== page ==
Fruit and Vegetable Market

Vertical Garden

Horticulture produce and health

Horticulture is the science, technology and business involved in intensive plant cultivation for human use. It is practiced from the individual level in a garden up to the activities of a multinational corporation. It is very diverse in its activities, incorporating plants for food (fruits, vegetables, mushrooms, culinary herbs) and non-food crops (flowers, trees and shrubs, turf-grass, hops, grapes, medicinal herbs). It also includes related services in plant conservation, landscape restoration, landscape and garden design/construction/maintenance, horticultural therapy, and much more. This range of food, medicinal, environmental, and social products and services are all fundamental to developing and maintaining human health and well-being.[1]

Horticulturists apply the knowledge, skills, and technologies used to grow intensively produced plants for human food and non-food uses and for personal or social needs. Their work involves plant propagation and cultivation with the aim of improving plant growth, yields, quality, nutritional value, and resistance to insects, diseases, and environmental stresses. They work as gardeners, growers, therapists, designers, and technical advisors in the food and non-food sectors of horticulture.

Horticultural scientists focus on the research that underpins horticultural knowledge, skills, technologies, education and commerce. Horticultural science encompasses all of the pure sciences – mathematics, physics, chemistry, geology and biology – as well as related sciences and technologies that underpin horticulture, such as plant pathology, soil science, entomology, weed science, and many other scientific disciplines. It also includes the social sciences, such as education, commerce, marketing, healthcare and therapies that enhance horticulture’s contribution to society.

A gardener is a person that tends to a garden and is therefore a horticulturist. However, not all horticulturists are gardeners.


[edit] Etymology

The word horticulture is modeled after [4]

[edit] Understanding horticulture

Horticulture is a term that evokes images of plants, gardening, and people working in the horticultural industries.[13]).

It can be concluded that horticulture happens when people are in intimate, intensive contact with plants. It is the interface between people and plants.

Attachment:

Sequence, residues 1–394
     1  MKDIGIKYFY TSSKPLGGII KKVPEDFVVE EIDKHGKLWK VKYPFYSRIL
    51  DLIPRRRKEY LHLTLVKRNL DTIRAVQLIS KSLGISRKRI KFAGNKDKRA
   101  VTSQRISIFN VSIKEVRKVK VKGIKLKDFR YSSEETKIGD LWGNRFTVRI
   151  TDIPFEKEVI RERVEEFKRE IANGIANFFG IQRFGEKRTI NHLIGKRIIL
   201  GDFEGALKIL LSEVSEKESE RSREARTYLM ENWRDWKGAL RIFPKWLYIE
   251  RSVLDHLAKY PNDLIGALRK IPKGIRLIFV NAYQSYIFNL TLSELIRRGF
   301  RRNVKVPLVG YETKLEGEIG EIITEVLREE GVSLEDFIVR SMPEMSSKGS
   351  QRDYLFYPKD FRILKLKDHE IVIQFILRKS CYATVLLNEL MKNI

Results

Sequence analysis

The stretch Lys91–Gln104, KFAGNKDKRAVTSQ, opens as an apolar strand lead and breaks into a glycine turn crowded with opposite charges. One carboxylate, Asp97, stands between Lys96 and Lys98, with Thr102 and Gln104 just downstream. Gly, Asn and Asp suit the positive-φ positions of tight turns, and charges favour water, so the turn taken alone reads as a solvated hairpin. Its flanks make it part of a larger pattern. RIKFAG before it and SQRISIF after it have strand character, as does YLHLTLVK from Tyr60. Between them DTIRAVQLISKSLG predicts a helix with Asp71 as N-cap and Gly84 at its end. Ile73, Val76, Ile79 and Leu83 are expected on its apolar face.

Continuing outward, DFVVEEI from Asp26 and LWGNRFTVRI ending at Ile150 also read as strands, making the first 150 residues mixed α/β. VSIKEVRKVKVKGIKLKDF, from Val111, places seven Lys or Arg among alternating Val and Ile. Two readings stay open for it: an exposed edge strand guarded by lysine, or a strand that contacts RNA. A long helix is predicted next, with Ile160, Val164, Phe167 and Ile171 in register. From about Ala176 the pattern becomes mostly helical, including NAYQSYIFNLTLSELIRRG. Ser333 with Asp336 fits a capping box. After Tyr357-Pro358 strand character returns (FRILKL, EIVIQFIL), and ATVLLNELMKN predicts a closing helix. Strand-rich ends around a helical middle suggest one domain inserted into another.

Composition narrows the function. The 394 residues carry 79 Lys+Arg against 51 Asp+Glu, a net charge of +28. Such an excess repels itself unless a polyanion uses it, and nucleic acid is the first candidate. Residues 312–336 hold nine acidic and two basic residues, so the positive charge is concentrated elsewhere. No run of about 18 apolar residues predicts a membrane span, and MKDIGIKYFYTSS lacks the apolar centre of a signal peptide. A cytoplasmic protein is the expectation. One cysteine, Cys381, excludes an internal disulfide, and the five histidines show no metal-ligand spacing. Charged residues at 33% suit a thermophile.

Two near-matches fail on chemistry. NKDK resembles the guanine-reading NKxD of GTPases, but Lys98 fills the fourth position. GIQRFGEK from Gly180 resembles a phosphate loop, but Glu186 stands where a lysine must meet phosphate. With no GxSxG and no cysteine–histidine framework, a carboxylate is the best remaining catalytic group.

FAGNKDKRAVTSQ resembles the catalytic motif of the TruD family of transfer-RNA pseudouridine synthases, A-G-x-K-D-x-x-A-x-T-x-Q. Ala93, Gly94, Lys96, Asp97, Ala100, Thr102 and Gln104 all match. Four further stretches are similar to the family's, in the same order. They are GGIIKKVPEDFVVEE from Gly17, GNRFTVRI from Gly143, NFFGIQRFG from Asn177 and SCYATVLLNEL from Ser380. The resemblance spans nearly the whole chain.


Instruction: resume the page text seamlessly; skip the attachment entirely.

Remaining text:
[edit] Areas of study

According to some accounts, horticulture involves eight areas of study, which can be grouped into two broad sections – ornamentals and edibles:

  • Arboriculture is the study of, and the selection, planting, care, and removal of, individual trees, shrubs, vines, and other perennial woody plants.
  • Turf management includes all aspects of the production and maintenance of turf grass for sports, leisure use or amenity use.
  • Floriculture includes the production and marketing of floral crops.
  • Landscape horticulture includes the production, marketing and maintenance of landscape plants.
  • vegetables.
  • pome fruits.
  • grapes.
  • winemaking.
  • spoilage of horticultural crops.

Horticulturists can work in industry, government or educational institutions or private collections. They can be cropping systems engineers, wholesale or retail business managers, propagators and tissue culture specialists (fruits, vegetables, ornamentals, and turf), crop inspectors, crop production advisers, extension specialists, plant breeders, research scientists, and teachers.

Disciplines which complement horticulture include plant pathology, economics, and business. Some careers in horticultural science require a masters (MS) or doctoral (PhD) degree.

Horticulture is practiced in many gardens, “plant growth centres” and nurseries. Activities in nurseries range from preparing seeds and cuttings to growing fully mature plants. These are often sold or transferred to ornamental gardens or market gardens.

[edit] Anthropology

Horticulture has a very long history.[19] A characteristic of horticultural communities is that useful trees are often to be found planted around communities or specially retained from the natural ecosystem.

Horticulture primarily differs from agriculture in two ways. First, it generally encompasses a smaller scale of cultivation, using small plots of mixed crops rather than large fields of single crops. Secondly, horticultural cultivations generally include a wide variety of crops, even including fruit trees with ground crops. Agricultural cultivations however as a rule focus on one primary crop. In pre-contact North America the semi-sedentary horticultural communities of the Eastern Woodlands (growing maize, squash and sunflower) contrasted markedly with the mobile hunter-gatherer communities of the Plains people. In Central America, Maya horticulture involved augmentation of the forest with useful trees such as papaya, avocado, cacao, ceiba and sapodilla. In the cornfields, multiple crops were grown such as beans (using cornstalks as supports), squash, pumpkins and chilli peppers, in some cultures tended mainly or exclusively by women.[20]